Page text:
Jayden Kirby begged his friend to come over.

He needed the teenager there so he could sleep, the 20-year-old said.

Early on October 4, 2016, the victim finally agreed but as she lay in his bed effectively paralysed by the medication she had taken, Kirby made his move.

At his recent sentencing, the Dunedin District Court heard the defendant initially checked if his friend, who was 18 at the time, was awake.

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When he could not rouse her, he slowly unzipped the onesie she was wearing and violated her.

"He started to kiss the victim and forced his tongue into her mouth between her teeth," court documents said.

"She closed her teeth together so he stopped kissing her."

The terrified teen was aware of the sexual assault but was unable to respond because of the sedative effect of the medication, the court heard.

Kirby removed the victim's nightwear then got up for a drink.

When he returned, the abuse continued.

He later told police he had no recollection of the events because he was intoxicated but he accepted they must have occurred.

Judge Michael Turner said the offence of sexual violation by unlawful sexual connection represented a gross breach of trust.

"You gave her assurances, you took advantage of her and her vulnerability," he said.

"She was vulnerable; having taken a sedative she was unable to resist, effectively stupefied by the medication she had taken voluntarily."

The judge accepted Kirby was unaware of the drugs the victim had taken.

The serious charge and bail conditions placed on the defendant were still not enough to cease his criminal activities.

On May 16 last year, Kirby was driving an unregistered and unwarranted vehicle around Dunedin when he was seen "fish-tailing" by police.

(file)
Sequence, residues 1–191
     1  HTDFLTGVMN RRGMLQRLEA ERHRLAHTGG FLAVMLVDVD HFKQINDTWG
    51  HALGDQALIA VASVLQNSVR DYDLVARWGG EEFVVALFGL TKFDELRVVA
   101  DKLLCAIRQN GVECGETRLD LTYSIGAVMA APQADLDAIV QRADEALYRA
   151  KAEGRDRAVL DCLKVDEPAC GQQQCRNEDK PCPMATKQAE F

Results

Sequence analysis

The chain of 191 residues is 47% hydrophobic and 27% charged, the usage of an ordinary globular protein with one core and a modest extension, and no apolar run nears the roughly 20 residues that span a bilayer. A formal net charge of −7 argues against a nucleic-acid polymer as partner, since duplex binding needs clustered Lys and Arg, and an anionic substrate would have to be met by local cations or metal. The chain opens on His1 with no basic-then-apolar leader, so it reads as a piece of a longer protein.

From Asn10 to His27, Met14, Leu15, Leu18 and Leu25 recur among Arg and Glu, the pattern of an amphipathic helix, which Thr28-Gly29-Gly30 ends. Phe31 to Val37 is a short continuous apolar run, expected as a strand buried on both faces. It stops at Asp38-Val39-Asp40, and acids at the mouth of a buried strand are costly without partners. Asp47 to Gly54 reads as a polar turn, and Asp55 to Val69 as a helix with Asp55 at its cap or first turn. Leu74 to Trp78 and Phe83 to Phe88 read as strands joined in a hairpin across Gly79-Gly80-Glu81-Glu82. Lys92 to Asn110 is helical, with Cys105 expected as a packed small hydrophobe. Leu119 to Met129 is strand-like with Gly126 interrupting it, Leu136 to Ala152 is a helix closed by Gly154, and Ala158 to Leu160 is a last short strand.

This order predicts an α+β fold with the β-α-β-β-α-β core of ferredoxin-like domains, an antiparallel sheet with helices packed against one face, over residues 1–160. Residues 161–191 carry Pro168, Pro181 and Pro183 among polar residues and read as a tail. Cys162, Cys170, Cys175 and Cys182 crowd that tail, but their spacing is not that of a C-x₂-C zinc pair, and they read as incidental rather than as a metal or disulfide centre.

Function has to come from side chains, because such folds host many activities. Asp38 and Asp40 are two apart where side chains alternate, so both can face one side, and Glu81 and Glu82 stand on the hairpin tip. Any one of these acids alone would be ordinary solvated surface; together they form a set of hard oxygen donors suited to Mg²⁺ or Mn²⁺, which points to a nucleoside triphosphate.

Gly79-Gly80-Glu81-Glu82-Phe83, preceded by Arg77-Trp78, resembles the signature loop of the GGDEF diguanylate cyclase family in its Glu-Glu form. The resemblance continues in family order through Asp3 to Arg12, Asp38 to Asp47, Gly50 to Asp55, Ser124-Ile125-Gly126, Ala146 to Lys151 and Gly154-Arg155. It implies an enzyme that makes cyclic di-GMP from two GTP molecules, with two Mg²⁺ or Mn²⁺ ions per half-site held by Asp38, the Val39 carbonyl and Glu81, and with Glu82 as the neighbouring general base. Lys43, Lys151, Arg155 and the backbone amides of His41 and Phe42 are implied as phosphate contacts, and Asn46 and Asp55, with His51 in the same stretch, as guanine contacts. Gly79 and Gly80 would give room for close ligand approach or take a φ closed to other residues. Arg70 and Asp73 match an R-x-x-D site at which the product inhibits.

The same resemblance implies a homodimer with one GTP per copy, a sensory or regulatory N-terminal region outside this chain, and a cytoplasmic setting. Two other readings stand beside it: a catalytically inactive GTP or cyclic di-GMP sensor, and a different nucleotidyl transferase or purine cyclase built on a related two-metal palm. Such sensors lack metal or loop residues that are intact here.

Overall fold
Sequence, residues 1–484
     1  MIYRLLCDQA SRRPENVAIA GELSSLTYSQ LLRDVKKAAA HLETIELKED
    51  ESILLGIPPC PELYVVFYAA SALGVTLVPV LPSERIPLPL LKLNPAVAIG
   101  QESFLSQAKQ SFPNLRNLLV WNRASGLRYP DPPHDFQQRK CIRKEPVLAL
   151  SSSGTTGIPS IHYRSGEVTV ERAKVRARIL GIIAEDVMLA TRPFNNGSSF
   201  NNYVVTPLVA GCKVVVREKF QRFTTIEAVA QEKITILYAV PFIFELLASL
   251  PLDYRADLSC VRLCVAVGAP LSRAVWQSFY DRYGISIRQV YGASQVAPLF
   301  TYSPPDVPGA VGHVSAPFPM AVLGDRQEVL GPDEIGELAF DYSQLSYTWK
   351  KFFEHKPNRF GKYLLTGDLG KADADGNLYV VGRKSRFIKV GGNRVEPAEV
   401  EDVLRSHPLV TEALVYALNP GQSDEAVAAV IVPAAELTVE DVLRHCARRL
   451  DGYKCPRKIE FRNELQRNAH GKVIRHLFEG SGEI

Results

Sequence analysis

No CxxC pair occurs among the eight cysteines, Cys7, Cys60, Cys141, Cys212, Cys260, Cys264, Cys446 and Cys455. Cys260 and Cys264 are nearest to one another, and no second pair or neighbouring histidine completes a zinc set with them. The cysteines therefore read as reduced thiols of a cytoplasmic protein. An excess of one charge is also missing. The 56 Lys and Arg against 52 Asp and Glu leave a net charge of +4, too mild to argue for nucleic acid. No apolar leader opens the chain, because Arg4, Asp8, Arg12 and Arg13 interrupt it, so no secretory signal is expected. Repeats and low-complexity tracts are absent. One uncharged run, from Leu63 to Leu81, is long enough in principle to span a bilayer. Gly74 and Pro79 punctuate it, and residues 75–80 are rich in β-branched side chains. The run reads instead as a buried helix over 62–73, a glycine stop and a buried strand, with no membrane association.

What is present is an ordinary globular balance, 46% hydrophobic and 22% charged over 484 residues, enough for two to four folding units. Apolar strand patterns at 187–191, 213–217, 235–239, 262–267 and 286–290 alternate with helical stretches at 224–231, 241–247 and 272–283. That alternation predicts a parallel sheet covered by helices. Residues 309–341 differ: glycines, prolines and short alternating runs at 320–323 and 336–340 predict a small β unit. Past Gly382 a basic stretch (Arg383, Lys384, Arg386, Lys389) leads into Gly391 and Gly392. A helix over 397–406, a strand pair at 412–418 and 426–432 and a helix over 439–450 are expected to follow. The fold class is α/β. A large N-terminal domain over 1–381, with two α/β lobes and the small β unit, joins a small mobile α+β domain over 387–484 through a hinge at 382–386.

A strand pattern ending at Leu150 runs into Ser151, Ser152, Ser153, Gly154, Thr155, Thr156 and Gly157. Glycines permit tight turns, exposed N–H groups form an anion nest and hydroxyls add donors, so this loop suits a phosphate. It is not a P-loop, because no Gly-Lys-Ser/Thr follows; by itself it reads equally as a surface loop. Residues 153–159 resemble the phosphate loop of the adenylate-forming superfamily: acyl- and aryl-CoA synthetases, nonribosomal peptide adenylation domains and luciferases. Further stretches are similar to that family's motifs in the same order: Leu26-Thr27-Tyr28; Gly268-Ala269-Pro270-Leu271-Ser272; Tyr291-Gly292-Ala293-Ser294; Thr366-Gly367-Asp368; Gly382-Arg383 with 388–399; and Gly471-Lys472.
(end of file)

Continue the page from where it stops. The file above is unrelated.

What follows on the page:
The defendant fled from pursuing officers at speed and eventually abandoned the car and ran off.

He was tailed again a month later while riding a motorcycle in Green Island.

Kirby tried to evade police but the vehicle had engine problems and he repeated his bid for freedom on foot.

This time, a member of the public slowed him down and he was arrested.

Kirby later pleaded guilty to two counts of failing to stop, dangerous driving and reckless driving.

Defence counsel Campbell Savage acknowledged his client had previous convictions for driving and violence, but said he was an "ideal candidate" for home detention.

Judge Turner noted the significant impact on the victim, which led to her undertaking counselling, and Kirby's inability to pay any reparation.

The court heard the man did not meet the threshold for sex-offender counselling whether in the community or behind bars.

The judge described the issue as "somewhat troubling".

He sentenced Kirby to two years, four months' imprisonment and banned him from driving for six months.

The Kawasaki he was riding in the second incident was forfeited.